This is the thread that runs through the work of Asimov and Dick, as well as some of the most significant tech narratives in the media during the last 20 years. Most recently, this kind of thinking spawned a series of fascinating pieces in both the New York Times and Wired about the rise of computerized trading.
In particular, these pieces zoomed in on high-speed algorithmic trading, and played on fear; of loss of control, and of unintelligent, unaware computers spiraling into disaster. From Andrew Nusca's coverage here on SmartPlanet:
The... problem is that safety measures to prevent pile-on volatility must be put in place as rapidly as this infrastructure is being built, to prevent “flash crashes” like the one that occurred in May.
He then poses an alarming question: "[A]re we really getting smarter, or are we playing with the financial equivalent of nuclear weapons--more powerful than imagination, but catastrophically destructive when out of control?"
It's an important question, but one that will likely be answered for us, rather than by us, as the inexorable computerization of financial trading continues. Whether the process is smooth or full of blunders, it's going to continue.
But if we are to take the rise of algorithmic trading and computerized news parsing as an inevitability, we should start asking bigger questions. Like, does it render individual trading futile?
That might sound alarmist, so I'll back up a bit. Here's a relevant clip from Wired's piece on algorithmic trading, concerning a new Dow Jones service called Lexicon:
[Lexicon] scans every Dow Jones story in real time, looking for textual clues that might indicate how investors should feel about a stock. It then sends that information in machine-readable form to its algorithmic subscribers, which can parse it further, using the resulting data to inform their own investing decisions. Lexicon has helped automate the process of reading the news, drawing insight from it, and using that information to buy or sell a stock. The machines aren’t there just to crunch numbers anymore; they’re now making the decisions.
Once refined, this technology could--could--cut a broad swath through the financial services industry, raking aside the thousands of trained professionals whose jobs are to parse financial news and find actionable intelligence. In reality, this transition will probably be slow and partial, but there's little doubt that its influence of computer news parsing will be felt.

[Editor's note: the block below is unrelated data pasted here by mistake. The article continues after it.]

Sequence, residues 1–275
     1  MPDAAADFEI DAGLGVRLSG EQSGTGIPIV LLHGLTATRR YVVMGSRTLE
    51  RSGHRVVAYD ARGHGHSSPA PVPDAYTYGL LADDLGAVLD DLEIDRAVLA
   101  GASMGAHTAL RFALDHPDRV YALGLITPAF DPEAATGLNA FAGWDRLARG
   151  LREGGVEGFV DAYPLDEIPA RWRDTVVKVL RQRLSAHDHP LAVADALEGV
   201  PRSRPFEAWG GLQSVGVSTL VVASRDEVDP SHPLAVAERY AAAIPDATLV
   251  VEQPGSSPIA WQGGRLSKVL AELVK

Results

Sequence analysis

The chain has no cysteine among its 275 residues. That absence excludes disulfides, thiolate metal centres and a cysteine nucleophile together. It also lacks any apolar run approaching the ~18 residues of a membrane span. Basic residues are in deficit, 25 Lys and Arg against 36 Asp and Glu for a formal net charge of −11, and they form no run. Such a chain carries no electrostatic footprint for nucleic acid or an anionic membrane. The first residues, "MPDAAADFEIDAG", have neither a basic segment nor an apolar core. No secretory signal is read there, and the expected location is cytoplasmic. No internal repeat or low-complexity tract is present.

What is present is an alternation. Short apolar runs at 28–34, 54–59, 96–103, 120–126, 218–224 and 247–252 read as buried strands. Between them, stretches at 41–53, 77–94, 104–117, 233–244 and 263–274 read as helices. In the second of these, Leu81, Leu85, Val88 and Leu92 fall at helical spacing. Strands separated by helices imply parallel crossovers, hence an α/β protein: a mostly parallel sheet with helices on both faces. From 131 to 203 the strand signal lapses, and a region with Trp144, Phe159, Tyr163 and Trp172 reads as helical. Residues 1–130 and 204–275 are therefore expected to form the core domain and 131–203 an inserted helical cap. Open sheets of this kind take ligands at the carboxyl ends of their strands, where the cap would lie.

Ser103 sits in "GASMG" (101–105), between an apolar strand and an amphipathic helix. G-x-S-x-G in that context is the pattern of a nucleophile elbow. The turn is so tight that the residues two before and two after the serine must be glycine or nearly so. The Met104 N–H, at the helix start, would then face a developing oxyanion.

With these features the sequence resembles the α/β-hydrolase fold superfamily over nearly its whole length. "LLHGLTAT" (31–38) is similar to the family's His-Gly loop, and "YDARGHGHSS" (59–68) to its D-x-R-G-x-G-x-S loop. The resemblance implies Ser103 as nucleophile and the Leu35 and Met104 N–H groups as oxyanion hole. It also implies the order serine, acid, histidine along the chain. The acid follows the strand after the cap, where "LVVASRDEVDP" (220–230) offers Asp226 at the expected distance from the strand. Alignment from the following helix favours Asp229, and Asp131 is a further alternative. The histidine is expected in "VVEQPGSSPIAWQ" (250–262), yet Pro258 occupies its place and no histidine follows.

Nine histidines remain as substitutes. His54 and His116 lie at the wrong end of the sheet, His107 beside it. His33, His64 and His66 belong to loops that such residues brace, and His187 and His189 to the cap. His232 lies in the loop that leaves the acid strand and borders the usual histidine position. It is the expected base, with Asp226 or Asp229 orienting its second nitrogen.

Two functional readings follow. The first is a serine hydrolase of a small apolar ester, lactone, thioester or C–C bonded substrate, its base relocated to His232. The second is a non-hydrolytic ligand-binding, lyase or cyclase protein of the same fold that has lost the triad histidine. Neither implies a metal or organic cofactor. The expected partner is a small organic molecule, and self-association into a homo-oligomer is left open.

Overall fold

Where the impact could be even more sever, though, is outside of the financial services industry. These computers aren't just responding to tiny fluctuations in markets anymore, or executing complicated trades on behalf of their clients (a word that carries multiple meanings here). They're performing the most basic duties of anyone who trades stocks. They're deciding, based on news and publicly available data, whether or not a company is a good investment, in the same way that an individual handling his own retirement fund might do. Any investor is now competing directly with computers.
[T]here are millions of individual investors doing diligent homework on companies and trying to invest intelligently in the stock market. When they finally arrive at a conclusion and the time comes to buy or sell, their collective decisions are known politely as “retail order flow,” and less politely as “dumb money”; high-frequency trading shops make lots of money by paying for the privilege of filling those orders and taking the opposite side of those trades...
It’s possible that one individual investor...can beat the odds and make more money on his own than he would do simply investing in an index fund. If he does, then it might be due to luck, and it might be due to skill...Fundamentals-based investing is (still) a very crowded trade, and most people who try it fail—they get picked off by faster, smarter, more sophisticated players in the market.
This kind of straightforward, "is this company healthy?" type of investing is already difficult for individual investors to pull off, given how few resources for information they have at their disposal as compared to an entity like Goldman Sachs, or even a much smaller investment firm. I suspect that most individual investors understand and admit this, albeit with the belief that their little slice of "dumb money" is slightly smarter than everyone else's.
But it's one thing to accept that you're investing against larger, smarter, and generally more effective organizations; it's another to know that your your stock bets are being responded to--and potentially used as grist--by unthinking computers.
It's easy to convince yourself that you're smarter than the other guy. Believing that you're going to out-trade a bank of supercomputers, though, takes a lot more nerve.